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Student Organizers Challenge Campus to Critically Explore Issues of Diversity During Unity Week

Civil rights activist DeRay McKesson leads discussion about getting involved and staying active
March 25th, 2019 by 

DeRay McKesson sits in a chair across from Mithra Salmassi
DeRay McKesson talks to Unity Week co-chairs Mithra Salmassi '19 and Manuel "Manny" Trejo '19. Photo by Avanell Brock

DeRay McKesson stands on stage in the Hogan Ballroom
DeRay McKesson speaks to a group of students, faculty and staff in the Hogan Ballroom. Photo by Avanell Brock

Amit Taneja, Dean for Diversity, Equity and Inclusion, stands in the crowd to ask a question
Amit Taneja, dean for diversity, equity and inclusion and chief diversity officer, stands and asks a question. Photo by Avanell Brock

A student stands in the crowd to ask a question
A students asks a question during the question and answer portion of the night. Photo by Avanell Brock

DeRay McKesson stands in the Hogan Ballroom and speaks to a student, who is laughing
DeRay McKesson addresses a student in the crowd. Photo by Avanell Brock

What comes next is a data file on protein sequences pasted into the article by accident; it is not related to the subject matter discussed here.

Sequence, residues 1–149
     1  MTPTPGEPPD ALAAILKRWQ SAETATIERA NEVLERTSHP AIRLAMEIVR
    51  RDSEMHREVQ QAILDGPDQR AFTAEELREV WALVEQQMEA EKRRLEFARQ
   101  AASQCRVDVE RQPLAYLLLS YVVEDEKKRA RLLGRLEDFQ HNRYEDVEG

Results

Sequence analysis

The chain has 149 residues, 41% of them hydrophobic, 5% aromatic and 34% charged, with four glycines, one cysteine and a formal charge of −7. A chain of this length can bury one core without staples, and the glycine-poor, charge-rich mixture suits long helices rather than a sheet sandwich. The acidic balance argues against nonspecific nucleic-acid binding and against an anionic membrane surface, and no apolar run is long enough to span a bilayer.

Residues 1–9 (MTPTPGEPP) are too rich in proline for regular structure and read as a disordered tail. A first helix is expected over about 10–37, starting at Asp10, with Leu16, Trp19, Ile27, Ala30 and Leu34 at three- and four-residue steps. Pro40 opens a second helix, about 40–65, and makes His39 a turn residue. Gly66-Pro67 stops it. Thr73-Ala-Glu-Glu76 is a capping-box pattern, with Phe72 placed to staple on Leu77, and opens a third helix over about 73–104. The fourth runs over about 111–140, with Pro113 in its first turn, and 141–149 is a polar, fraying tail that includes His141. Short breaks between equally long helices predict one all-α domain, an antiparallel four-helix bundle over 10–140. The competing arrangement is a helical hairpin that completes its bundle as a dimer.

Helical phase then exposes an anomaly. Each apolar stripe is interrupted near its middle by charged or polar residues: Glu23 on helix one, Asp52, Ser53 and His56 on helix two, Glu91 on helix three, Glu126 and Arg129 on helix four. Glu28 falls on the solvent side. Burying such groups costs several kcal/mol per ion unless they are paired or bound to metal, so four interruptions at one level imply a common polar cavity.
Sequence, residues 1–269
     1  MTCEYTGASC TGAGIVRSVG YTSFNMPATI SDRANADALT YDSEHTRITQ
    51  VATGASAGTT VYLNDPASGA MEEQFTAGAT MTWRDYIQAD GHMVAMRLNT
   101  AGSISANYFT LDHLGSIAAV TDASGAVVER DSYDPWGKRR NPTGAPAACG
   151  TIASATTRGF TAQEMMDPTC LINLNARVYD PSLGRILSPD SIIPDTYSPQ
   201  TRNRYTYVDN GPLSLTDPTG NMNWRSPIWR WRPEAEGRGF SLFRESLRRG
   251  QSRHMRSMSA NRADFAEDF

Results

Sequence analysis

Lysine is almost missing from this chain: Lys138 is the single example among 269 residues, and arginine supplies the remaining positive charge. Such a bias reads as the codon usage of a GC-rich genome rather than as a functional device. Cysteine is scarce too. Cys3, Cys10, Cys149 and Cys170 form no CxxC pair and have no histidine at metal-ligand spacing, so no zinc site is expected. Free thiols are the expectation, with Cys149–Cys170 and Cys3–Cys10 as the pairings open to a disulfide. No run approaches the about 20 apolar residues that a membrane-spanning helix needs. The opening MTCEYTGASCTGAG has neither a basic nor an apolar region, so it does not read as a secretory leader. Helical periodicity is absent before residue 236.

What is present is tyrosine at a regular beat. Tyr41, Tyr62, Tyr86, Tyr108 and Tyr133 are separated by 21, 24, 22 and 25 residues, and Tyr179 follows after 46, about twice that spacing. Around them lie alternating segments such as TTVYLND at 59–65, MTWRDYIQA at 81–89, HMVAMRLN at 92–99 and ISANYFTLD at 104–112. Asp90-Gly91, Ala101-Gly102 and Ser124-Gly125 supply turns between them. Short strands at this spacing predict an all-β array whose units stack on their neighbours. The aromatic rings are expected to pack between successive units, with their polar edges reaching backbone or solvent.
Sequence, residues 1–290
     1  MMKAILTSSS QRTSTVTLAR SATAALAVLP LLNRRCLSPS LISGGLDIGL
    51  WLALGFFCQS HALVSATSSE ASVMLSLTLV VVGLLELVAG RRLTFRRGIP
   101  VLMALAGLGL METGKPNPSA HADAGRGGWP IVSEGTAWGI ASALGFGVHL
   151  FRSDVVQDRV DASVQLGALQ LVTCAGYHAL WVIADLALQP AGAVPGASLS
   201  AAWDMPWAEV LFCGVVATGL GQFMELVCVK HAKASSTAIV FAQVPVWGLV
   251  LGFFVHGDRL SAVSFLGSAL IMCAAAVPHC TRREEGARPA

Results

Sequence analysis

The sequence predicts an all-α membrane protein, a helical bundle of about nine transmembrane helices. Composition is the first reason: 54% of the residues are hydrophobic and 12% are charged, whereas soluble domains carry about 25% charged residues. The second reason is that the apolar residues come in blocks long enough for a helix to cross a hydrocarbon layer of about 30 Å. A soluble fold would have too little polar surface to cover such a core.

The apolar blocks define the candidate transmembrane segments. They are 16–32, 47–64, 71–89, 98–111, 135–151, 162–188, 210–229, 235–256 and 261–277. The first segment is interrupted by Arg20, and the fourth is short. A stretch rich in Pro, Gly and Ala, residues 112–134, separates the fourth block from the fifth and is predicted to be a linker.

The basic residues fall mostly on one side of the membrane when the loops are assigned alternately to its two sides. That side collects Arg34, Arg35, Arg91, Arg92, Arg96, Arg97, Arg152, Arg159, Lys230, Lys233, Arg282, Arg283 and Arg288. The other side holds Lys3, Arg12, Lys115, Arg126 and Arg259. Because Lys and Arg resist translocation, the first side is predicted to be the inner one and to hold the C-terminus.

For this year’s annual Unity Week, the two student chairs — Co-Officers of Diversity for the Student Government Association Mithra Salmassi ’19 and Manuel “Manny” Trejo ’19 — wanted to honor intersectionality while leaving space for exploration and introspection. So together, they planned a full week celebrating diversity at Holy Cross, highlighted by a rousing talk by DeRay McKesson, civil rights activist and leading voice in the Black Lives Matter movement.

“Our overarching theme for this semester as co-officers of diversity is civic engagement and change in action,” says Salmassi, an English and psychology major with a concentration in gender, sexuality and women’s studies. “I think we can all agree that this year has been a really formative one at Holy Cross, thanks in no small part to the actions of our student body. We hope Unity Week and our year-long celebration of intersectionality and individuality will allow for deeper critical thinking about how different identities, particularly those that are marginalized, can be upheld.”